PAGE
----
Anheuser-Busch InBev continues to hemorrhage cash in the months following Bud Light's partnership with transgender social media activist Dylan Mulvaney.
Fox Business reported Wednesday that the company's financial losses had reached a catastrophic level.
Since April, AB InBev has lost roughly $27 billion in total market value.
At the end of a brutal May for the Belgian multinational corporation, it was valued at $107.44 billion. Two months earlier, on March 31, AB InBev was worth $134.55 billion, according to the Dow Jones Market Data Group.
Meanwhile, the company is almost in bear market territory as its stock price has dropped about 20 percent since late March.
On March 31, AB InBev's shares closed at $66.73. On Thursday, those shares were trading at $53.81.
The bad financial news came one day after Anheuser-Busch's decision to double down on its support for the LGBT community.
In spite of the conservative boycotts the brand has faced over the Mulvaney promotion, Bud Light pledged on Wednesday to give LGBT-owned businesses $200,000 in order to "empower" them.
Rather than sit out LGBT "pride month," it doubled down on allying itself with the movement when it committed to a major cash giveaway.
"Today, Bud Light and the National LGBT Chamber of Commerce (NGLCC), the exclusive certifying body for LGBT-owned businesses, announce they are extending their partnership to continue supporting economic opportunities and advancements for LGBTQ+ Americans and business owners across the country," Bud Light said in a news release.
The brand added, "This year, Bud Light will donate $200,000 to the NGLCC in support of its Communities of Color Initiative (CoCi). This initiative is designed to support the growth and success of minority LGBTQ+-owned businesses through certification, scholarships and business development in an effort to create equal opportunities for the economic advancement of small businesses in the LGBTQ+ community."
Both the brand and its parent company have shown no real strategy to win back customers after they fled in droves to other brewers whose values are more closely aligned with their own.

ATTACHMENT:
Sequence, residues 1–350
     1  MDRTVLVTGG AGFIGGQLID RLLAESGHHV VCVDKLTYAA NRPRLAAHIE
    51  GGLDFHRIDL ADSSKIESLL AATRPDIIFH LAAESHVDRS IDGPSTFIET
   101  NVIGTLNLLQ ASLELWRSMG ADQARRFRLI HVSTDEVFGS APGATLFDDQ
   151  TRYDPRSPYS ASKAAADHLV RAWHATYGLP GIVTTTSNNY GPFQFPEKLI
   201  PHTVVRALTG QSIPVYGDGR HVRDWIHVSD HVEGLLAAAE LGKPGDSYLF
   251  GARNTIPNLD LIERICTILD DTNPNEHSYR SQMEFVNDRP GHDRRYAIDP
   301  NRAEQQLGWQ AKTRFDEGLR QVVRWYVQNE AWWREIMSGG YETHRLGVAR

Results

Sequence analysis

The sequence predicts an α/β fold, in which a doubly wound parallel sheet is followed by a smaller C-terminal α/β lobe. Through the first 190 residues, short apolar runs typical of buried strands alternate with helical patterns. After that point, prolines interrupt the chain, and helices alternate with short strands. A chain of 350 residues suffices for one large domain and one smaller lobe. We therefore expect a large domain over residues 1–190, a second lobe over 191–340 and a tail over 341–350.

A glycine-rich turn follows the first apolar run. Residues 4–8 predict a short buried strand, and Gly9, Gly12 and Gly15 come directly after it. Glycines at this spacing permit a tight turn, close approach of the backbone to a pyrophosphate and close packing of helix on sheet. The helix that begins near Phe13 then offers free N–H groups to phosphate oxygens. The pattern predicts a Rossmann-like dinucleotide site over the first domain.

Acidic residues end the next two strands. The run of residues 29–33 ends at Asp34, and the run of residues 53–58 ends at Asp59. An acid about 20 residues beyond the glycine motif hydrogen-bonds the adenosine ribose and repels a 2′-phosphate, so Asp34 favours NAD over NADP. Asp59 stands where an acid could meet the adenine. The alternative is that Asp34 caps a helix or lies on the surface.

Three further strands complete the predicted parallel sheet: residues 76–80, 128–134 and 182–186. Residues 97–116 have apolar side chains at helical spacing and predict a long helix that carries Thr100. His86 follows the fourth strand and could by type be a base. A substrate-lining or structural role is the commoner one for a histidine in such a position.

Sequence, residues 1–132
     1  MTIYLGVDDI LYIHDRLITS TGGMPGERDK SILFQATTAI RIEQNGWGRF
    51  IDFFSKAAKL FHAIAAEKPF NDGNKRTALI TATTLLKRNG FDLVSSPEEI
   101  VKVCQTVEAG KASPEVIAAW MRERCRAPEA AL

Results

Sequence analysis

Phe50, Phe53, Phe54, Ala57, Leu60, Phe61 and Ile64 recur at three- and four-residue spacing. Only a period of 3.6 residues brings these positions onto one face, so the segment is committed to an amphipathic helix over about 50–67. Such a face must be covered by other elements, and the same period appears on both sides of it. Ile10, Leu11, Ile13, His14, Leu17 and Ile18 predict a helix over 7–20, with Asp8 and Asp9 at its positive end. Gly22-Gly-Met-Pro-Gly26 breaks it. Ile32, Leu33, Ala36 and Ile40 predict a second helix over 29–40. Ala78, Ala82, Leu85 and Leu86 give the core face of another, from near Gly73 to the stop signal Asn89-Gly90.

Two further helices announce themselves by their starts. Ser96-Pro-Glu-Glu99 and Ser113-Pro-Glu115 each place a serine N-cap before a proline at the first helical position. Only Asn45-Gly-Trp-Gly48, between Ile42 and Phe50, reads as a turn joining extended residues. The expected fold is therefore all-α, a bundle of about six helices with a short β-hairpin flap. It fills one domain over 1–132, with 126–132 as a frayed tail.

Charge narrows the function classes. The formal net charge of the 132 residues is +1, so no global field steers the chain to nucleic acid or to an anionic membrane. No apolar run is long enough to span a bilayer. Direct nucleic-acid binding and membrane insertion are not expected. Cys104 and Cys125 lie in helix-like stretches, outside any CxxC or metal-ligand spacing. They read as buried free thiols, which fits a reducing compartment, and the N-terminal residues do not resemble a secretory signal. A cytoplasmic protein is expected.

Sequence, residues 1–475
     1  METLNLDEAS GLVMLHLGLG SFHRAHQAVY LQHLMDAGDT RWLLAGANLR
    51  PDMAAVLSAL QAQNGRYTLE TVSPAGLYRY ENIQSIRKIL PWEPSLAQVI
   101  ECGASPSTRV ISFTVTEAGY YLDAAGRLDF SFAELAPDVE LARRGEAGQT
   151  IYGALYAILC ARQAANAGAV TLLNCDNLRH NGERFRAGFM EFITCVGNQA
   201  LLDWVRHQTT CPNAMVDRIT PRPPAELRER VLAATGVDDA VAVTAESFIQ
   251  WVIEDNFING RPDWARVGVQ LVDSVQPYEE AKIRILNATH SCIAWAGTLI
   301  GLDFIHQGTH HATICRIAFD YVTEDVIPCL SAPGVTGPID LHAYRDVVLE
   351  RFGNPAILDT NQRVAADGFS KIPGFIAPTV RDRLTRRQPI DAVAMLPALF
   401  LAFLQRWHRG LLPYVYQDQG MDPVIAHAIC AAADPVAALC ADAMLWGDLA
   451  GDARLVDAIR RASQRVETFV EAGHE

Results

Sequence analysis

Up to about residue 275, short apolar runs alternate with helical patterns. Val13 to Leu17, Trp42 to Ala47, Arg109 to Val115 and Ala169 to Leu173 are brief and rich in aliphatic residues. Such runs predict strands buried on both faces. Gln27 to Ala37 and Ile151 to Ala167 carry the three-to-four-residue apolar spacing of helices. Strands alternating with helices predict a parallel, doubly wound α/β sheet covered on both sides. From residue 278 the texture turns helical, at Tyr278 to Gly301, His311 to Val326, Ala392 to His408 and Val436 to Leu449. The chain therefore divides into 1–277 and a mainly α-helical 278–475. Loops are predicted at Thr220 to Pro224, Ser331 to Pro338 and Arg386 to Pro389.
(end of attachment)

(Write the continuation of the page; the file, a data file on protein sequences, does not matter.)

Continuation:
Not even a promotion to give free beer away has stopped the bleeding.
Bud Light has been completely silent on Twitter for more than six weeks since the Mulvaney partnership blew up in its face.
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The brand's announcement Wednesday was just another crisis management misstep.
Marketing expert Timothy Calkins with Northwestern Kellogg told Fox Business that AB InBev continues to suffer from self-inflicted wounds.
"The problem is it just takes your brand into a space that it doesn't need to be, and it just creates a lot of strong feelings about something that isn't really related to the product or its brand," Calkins said.
While experts assured viewers that these boycotts fade quickly, these companies have now lost billions. Target has reportedly lost over $10 billion. With these boycotts picking up steam, the coverage has turned from dismissive to alarmist. https://t.co/g63i6EFzjX
— Jonathan Turley (@JonathanTurley) June 1, 2023
He concluded, "That's why I think we're going to see lots of brands be really cautious about what they do, especially related issues that aren't directly aligned with their product or service."
This article appeared originally on The Western Journal.